So is the whole sordid affair over, finally? Not really. Although the band has added credits for all of the images, apparently that’s not enough for Ms. Hartwell. She says she wasn’t able to come to an agreement with the band because they refused to pay her for the photo, although she doesn’t say how much she was asking for. She says she was planning to use the money to pay her legal costs and then donate the rest to charity.

Contrary to what some have suggested in comments on my previous posts (here and here) I don’t wish Ms. Hartwell any ill will, and I can see how she would be irritated that people keep taking her photos. But that doesn’t change the fact that what she did was wrong, and asking for money is even wronger. So the video got a million views on YouTube — so what? A startled prairie dog got 10 times that many.

If you want to read my thoughts in more detail, please have a look at one or both of my previous posts — and read the comments too, because there are some good ones (and some not-so-good ones) in there. In a nutshell, I think Ms. Hartwell’s actions are part of a trend that is chipping away at the principles of “fair use” and creating the impression that copyright law’s sole purpose is to act as a weapon for artists and content creators to police any use of their content, anywhere, for any purpose.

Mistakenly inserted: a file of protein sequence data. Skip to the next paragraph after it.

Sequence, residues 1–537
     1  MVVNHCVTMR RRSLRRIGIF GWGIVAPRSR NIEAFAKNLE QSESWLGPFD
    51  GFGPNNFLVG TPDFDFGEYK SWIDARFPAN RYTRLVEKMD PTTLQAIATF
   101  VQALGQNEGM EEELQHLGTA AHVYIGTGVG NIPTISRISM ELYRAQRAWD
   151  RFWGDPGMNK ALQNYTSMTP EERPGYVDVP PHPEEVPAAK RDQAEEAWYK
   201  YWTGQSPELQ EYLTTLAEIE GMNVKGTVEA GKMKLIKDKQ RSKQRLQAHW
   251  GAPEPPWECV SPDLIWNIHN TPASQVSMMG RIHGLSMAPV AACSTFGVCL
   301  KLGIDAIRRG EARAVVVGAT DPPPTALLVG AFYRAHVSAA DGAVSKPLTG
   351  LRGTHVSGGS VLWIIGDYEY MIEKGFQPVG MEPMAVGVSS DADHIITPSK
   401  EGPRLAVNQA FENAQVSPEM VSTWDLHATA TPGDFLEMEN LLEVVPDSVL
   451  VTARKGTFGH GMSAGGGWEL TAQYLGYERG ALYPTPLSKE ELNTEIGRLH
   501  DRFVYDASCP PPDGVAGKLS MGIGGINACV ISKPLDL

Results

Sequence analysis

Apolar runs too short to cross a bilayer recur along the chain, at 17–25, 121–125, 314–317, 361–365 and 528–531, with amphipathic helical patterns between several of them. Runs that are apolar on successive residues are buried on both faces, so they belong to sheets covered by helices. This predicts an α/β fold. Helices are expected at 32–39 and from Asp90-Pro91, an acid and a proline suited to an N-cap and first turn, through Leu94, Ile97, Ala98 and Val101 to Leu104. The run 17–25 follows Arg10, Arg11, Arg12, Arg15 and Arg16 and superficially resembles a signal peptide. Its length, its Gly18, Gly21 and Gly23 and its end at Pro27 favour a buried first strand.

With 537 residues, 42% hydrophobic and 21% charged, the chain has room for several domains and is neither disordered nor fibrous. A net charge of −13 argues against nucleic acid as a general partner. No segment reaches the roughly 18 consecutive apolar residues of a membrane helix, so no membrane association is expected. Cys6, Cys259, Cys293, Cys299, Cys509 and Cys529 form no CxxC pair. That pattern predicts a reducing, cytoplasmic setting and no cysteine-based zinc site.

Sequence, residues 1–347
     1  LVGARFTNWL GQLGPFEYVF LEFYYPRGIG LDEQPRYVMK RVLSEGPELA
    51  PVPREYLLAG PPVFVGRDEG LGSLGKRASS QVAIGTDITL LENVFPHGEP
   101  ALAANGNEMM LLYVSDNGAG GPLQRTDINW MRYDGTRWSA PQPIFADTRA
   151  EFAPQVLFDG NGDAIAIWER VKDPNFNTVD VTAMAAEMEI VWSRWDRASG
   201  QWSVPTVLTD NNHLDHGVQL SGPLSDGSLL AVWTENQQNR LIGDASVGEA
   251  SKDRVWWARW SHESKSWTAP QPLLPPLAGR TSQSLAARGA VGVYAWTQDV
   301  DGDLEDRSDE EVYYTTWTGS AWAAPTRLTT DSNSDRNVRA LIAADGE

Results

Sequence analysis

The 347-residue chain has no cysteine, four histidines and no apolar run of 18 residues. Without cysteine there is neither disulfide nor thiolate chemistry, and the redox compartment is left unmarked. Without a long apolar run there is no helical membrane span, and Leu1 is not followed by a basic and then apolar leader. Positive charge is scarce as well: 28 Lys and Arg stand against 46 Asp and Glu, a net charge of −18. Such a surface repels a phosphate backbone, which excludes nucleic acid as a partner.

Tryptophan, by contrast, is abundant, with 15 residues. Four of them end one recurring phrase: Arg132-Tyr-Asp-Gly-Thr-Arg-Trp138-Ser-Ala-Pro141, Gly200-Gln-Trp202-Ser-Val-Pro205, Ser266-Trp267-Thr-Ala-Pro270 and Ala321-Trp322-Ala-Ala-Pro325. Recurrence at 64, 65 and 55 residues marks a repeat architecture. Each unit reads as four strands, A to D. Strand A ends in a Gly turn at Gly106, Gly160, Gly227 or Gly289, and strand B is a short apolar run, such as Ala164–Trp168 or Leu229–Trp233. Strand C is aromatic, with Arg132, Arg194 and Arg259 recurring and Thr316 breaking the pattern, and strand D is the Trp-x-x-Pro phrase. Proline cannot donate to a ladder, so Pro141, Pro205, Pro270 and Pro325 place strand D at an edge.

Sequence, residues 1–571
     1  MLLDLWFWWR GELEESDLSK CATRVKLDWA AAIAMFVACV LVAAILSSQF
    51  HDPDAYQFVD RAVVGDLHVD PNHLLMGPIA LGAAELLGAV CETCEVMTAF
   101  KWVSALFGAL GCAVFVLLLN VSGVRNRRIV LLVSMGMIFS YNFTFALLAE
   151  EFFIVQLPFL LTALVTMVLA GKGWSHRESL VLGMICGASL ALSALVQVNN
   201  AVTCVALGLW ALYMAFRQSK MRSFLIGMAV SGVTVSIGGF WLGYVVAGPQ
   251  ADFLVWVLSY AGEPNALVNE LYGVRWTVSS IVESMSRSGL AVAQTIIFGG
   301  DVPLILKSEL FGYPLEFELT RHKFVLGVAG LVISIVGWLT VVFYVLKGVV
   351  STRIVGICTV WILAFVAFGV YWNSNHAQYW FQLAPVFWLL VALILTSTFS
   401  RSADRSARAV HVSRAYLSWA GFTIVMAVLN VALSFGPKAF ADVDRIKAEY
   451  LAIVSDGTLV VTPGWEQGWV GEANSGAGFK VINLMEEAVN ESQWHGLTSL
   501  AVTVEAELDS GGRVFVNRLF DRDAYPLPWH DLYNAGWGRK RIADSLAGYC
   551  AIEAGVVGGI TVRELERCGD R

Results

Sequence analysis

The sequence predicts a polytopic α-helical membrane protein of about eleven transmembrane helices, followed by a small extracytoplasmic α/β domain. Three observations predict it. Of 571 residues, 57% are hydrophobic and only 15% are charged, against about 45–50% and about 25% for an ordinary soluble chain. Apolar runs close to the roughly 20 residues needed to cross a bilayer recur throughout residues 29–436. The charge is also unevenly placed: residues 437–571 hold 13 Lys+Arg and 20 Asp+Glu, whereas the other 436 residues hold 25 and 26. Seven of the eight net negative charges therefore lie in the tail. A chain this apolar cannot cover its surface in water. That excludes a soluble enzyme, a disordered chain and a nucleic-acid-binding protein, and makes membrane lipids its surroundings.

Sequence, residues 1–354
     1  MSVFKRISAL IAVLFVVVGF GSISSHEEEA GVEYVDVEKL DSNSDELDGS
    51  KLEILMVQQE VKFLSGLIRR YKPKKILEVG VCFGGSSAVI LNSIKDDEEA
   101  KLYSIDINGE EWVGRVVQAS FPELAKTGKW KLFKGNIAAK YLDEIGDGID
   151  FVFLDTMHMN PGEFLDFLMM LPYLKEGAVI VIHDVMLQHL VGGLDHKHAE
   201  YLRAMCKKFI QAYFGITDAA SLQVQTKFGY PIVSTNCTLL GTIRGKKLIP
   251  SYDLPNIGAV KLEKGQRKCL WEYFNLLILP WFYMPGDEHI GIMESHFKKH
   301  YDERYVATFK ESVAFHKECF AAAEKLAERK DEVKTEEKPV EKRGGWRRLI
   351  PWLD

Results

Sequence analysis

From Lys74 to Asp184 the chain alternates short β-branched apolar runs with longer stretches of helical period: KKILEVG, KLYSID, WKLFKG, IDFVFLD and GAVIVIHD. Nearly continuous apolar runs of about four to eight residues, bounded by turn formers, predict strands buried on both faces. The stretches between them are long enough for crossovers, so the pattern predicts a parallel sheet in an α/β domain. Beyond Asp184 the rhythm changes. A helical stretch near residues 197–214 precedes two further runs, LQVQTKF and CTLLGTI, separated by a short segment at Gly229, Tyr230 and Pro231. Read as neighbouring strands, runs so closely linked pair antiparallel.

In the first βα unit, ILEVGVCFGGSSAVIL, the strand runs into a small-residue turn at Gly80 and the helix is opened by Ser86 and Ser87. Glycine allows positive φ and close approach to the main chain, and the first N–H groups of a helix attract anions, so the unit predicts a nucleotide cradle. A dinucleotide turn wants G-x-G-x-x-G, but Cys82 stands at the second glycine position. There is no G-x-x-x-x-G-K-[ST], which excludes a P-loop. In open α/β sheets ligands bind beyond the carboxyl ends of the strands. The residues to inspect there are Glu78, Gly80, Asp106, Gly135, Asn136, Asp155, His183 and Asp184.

A photo that has been previously published and appears for less than a second in a video satirizing (in part) the subject of that video is fair use, plain and simple. Richter Scales doesn’t owe Ms. Hartwell a penny. Would it have been better if they had asked for permission or given credit? Yes. In their post on the subject, they say they tried to contact the photographer, but she was too busy filing a DMCA takedown notice.

There’s a good analysis of the issues behind this event at Plagiarism Today, and Chilling Effects has a good overview of fair use.

Surprise: No one’s heard of Google Docs

So a survey by NPD shows that only a tiny fraction of people have ever heard of Web-based document management tools such as Google Docs, and an even tinier fraction have ever used them. Does this really surprise anyone? Joe Wilcox at Microsoft Watch says “RIP, Web 2.0 Office Suite” — but given the title of his blog, that’s hardly surprising either. Presumably, Joe would like us to believe that the Web is no threat to Microsoft, that Live Office will rule the world, and so forth.